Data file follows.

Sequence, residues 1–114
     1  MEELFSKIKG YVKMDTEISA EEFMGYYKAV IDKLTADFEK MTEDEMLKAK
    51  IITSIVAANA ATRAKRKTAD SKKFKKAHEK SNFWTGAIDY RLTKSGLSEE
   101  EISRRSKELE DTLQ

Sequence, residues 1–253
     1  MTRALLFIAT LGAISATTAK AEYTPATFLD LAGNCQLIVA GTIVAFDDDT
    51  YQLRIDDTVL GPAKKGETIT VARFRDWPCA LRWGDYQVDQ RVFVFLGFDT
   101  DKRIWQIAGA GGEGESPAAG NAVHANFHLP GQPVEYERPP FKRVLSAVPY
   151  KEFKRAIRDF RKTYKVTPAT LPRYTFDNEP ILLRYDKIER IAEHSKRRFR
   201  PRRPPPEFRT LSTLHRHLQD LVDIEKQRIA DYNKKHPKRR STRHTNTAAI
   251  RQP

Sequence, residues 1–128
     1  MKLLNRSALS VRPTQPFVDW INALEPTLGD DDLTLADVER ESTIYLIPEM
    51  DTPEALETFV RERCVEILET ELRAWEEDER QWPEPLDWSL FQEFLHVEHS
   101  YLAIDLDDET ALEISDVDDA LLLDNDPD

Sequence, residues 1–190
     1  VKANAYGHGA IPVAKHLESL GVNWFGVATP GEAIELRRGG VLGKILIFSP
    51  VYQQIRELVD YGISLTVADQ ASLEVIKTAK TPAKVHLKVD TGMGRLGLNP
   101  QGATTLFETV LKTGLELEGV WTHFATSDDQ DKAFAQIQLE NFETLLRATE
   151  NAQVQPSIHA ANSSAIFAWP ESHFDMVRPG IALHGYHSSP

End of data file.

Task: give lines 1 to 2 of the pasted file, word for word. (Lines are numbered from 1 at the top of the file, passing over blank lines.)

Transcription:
Sequence, residues 1–114
     1  MEELFSKIKG YVKMDTEISA EEFMGYYKAV IDKLTADFEK MTEDEMLKAK